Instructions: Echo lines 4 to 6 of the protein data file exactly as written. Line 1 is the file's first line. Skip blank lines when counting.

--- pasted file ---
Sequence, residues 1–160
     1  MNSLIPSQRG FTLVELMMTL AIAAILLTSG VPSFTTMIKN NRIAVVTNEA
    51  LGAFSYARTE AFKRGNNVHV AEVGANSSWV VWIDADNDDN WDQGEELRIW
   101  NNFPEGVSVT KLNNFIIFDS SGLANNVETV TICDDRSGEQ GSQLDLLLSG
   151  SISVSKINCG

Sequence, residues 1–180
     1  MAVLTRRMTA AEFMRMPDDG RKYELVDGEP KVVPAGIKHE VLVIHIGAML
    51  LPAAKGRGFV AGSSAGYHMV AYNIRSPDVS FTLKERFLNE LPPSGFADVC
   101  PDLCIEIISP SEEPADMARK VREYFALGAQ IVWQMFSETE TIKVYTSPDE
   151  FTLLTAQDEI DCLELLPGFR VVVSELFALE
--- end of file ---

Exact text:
   101  NNFPEGVSVT KLNNFIIFDS SGLANNVETV TICDDRSGEQ GSQLDLLLSG
   151  SISVSKINCG

Sequence, residues 1–180